ASK THE EDD ATTORNEY – THE DANGER IN PRESENTING FALSE DOCUMENTS IN EDD AND IRS AUDITS
By Robert S. Schriebman
February 3, 2015
On February 3, 2015, the IRS published a news release discussing the dangers of filing fake documents to hide income or overstated expenses. On the same day, the U.S. Tax Court imposed strict civil fraud penalties on a tax return preparer who submitted a number of false 1099 forms none of which was prepared by the banks named on those forms. The Tax Court found “badges of fraud” committed by the tax return preparer including under reporting of income, overstating deductions, and the filing of false documents, including false tax returns. The Court imposed stiff civil fraud penalties to be discussed below. See Y.K. Young, TC Memo, 2015-18, Dec. 60,223(M).
The concurrent release of the IRS Bulletin and the Tax Court’s Young decision held a message to anyone contemplating the risk of submitting false documents or the backdating of various documents in both IRS and EDD audits. Therefore, this article will discuss the fraud penalties assessed by both the IRS and EDD and will discuss my recent experiences with clients candidly asking me what the risks are in doing so. I will also discuss how it is perfectly proper to prepare “reconstructions” of past events that may be acceptable to both IRS and EDD auditors.
IRS and EDD Civil Fraud Penalties
Both the IRS and EDD have very stiff civil fraud penalties. As bad as the IRS penalty is the EDD version is worse. Internal Revenue Code § 6663(a) imposes the civil fraud penalty. The statute is short and to the point: If any part of any underpayment of tax . . . is due to fraud, there shall be add to the tax an amount equal to 75 percent of the portion of the underpayment which is attributable to fraud. Section 6663(b) states that if the IRS finds any portion attributable to fraud the entire underpayment will be subjected to the fraud penalty unless the taxpayer can prove those portions of the underpayment not fraudulent. See IRC § 6663(c).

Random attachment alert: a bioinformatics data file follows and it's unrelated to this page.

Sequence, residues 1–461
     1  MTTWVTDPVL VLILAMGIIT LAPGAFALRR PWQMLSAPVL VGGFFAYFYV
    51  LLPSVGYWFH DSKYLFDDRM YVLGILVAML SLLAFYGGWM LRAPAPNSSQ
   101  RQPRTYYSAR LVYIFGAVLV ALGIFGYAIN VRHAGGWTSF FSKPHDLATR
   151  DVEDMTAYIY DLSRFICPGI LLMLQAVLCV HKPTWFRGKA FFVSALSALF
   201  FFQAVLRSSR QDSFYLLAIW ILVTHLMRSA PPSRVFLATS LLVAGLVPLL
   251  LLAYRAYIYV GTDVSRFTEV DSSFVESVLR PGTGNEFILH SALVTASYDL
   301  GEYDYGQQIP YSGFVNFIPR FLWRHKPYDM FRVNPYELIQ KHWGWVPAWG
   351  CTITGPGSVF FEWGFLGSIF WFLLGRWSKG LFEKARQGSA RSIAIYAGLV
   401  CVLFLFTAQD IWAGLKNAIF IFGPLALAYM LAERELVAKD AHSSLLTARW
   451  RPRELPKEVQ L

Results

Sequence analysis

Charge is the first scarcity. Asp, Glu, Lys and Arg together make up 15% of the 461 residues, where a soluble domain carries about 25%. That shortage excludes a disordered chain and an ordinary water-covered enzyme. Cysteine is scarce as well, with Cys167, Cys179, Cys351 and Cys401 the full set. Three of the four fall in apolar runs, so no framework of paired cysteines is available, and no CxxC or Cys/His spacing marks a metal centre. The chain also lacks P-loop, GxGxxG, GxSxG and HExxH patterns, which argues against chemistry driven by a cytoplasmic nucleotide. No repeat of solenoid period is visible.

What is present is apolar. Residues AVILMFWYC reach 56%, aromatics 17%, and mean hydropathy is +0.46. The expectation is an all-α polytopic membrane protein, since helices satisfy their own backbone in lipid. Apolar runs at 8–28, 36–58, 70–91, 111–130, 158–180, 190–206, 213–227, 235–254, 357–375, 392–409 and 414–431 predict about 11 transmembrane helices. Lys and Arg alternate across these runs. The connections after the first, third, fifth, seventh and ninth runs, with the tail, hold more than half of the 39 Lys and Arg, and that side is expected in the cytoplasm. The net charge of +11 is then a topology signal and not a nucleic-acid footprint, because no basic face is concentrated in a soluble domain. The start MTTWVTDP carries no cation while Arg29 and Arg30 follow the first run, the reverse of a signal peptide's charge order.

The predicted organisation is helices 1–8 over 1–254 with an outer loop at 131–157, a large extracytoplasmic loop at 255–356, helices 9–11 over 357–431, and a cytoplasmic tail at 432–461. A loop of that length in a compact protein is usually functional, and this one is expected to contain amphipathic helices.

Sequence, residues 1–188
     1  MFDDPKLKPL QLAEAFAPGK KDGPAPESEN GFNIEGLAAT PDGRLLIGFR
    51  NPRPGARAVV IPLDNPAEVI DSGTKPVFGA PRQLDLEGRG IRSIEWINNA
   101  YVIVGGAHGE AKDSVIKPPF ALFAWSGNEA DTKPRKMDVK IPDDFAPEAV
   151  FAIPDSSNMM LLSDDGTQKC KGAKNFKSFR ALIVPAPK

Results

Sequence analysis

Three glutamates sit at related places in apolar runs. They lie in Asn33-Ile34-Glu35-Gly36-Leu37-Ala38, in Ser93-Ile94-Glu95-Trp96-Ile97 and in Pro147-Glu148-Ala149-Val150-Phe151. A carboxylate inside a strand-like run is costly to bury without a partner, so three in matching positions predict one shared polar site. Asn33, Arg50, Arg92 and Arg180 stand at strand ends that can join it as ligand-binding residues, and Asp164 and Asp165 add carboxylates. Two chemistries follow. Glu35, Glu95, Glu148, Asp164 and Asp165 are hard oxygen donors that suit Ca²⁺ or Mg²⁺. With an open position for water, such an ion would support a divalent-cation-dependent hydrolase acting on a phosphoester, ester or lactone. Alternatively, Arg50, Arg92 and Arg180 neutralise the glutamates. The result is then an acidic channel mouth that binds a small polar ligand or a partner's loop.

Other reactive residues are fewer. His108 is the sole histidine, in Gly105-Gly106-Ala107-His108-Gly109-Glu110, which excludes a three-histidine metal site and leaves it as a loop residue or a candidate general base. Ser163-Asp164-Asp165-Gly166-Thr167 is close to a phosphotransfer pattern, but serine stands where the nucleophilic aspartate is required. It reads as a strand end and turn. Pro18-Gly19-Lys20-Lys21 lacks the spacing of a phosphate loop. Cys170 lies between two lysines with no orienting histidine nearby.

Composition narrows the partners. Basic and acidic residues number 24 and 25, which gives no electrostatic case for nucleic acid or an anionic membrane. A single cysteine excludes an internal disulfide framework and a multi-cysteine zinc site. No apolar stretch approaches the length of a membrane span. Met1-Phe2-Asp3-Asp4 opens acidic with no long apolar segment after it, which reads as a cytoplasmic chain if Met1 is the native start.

The EDD has two fraud penalties that are set forth in CUIC § 1128. Section 1128(a) imposes an initial 50 percent penalty and § 1128(b) imposes and second 50 percent penalty. In most EDD fraud cases that have crossed my desk the EDD has assessed both fraud penalties.
Remember, the EDD shares information with the IRS. This can result in a devastating penalty nightmare of almost 200 percent of deficiencies subject to fraud penalties. Of course, this does not include the cost of representation to fight these penalties. Once these penalties have been assessed and not removed, a taxpayer can have a negative history with the EDD and IRS.
Whenever a client asks me what the odds are of getting caught in a fraud penalty situation I tell my client that if he or she gets caught the odds are 100 percent!
Common Fraudulent Documents in an EDD Audit
Officers or shareholders of small business corporations often do not keep adequate records when it comes to taking money out of the business. Sometimes these people are ill advised. A few years ago, I had a case where a client took out close to $1 million from her small corporation. She was the sole shareholder. She was advised by her then accountant that she could take money out as ‘draws’ and treat them as loans from the company. Usually loan proceeds are not taxable income; they are not taxable wages. My client never took a salary. She did not report any of these “loans” as salary and wages. Recently, another client gave money to her boyfriend through the company. He was not an employee. The boyfriend did not report any of these funds as income. No W-2 or 1099 was issued to the boyfriend.